Commercial Real Estate To Be Unfazed By The Aftershocks Of Demonetization.
There is still a lot of haze remaining from the recent demonetization move by the Central Government. And this cloud of uncertainty has surely shaken up every business segment in the country to some extent. Since real estate has always been a traditionally and politically controversial sector, with greater incidence of corruption and high-end cash transactions, it is very likely to come across many hitches. Smaller commercial businesses and resale wings of the real estate industry, which are primarily controlled by small-time realty firms and investors, rather than by end-users, are still reeling. Even though this situation is expected to turn around soon, developers are likely to face cash flow problems due to the abrupt curb on the common practice of deploying excess cash into commercial real estate. This will not only affect their working capital requirements but may also expected to put pressure on prices.
Slowdown in the market
The demonetization move has caused consumers to be more cautious about their investments, which has resulted in a sudden fall in demand for real estate space. This is, however, clearly a short-term effect. The slowdown is more apparent in the National Capital Region (NCR), Gurgaon, Mumbai, and some Tier-II cities such as Vadodara and Surat, while end-user driven markets such as Bengaluru, Chennai, and Pune have not been affected much. The growth of commercial real estate in Tier-II and III cities has been impacted mainly due to a greater cash component driven by local businesses and the unorganized market players. These cities will, however, soon put a stronger digital infrastructure in place to bridge this disparity between them and bigger metros.
Transactions involving cash components would be worst hit, with some delay in completion of ongoing commercial projects. Small businesses are the worst hit as they basically run on cash-based dealings. They will find it harder to receive payments for services, and for building an inventory and merchandise base. Even though there is involvement of cash during the initial phases of commercial property development, a bulk of the process is transacted through white money. Therefore, the overall big picture in the commercial realty segment is predicted to see minimum impact, especially on the office and industrial leasing and transactions front, as cash components are not significant here. Large institutionalized commercial developers have a solid brand image and a strong governance framework in place, and therefore, will not be bothered much by this move.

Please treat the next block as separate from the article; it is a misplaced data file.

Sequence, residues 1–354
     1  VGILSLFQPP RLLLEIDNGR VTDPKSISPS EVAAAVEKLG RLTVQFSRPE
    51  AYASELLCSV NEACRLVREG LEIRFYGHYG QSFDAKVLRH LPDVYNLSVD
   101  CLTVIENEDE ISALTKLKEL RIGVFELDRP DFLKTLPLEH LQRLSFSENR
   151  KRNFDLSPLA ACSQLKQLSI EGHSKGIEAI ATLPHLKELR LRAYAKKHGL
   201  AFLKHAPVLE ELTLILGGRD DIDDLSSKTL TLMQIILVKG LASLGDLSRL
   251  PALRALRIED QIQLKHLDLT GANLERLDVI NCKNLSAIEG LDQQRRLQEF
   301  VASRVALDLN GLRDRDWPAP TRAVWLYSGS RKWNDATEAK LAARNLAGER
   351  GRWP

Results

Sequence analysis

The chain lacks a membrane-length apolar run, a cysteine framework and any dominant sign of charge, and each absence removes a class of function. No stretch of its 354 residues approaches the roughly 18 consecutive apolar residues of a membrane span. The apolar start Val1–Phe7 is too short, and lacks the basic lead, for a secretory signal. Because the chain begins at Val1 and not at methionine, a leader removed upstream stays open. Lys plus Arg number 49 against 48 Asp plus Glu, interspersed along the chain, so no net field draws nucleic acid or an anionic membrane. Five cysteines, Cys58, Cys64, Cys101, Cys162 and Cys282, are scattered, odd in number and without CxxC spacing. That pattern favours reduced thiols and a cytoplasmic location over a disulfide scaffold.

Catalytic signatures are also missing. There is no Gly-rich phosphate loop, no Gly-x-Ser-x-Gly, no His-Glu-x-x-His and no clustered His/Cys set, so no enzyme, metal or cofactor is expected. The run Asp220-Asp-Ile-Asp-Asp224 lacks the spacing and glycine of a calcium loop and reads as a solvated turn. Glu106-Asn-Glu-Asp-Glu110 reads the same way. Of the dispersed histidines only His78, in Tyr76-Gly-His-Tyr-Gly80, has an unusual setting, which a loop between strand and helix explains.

Inflation is expected to come down in the next few months with key monetary policy moves such as repo rate cut being brought in by the RBI. With the cash component being expelled out of commercial real estate, land pricing will stand corrected, along with other impacts like enhanced transparency in transactions, revised trust among consumers, and fresh rounds of cash inflows in the commercial realty sector. Projects, even though may suffer initial delays, as informal inflows of funds may not be received, this is directly going to bring in more of institutional capital and FDI due to greater transparency in the market. Banks would find the market more attractive and would be more ready than ever before to fund projects.
The wider impact
With more policy reforms coming into place in the form of the Real Estate Regulation and Development Act, 2016 (RERA) and amendments to the Benami Transactions Act, the real estate sector as a whole is moving out of its cloudy past towards more clarity. It is going to be the survival of those businesses, which run within a framework of integrity, with benefits being passed down to the end-users. On a long-term note, the Indian real estate is moving towards a healthier, stronger, cleaner, and more sustainable system.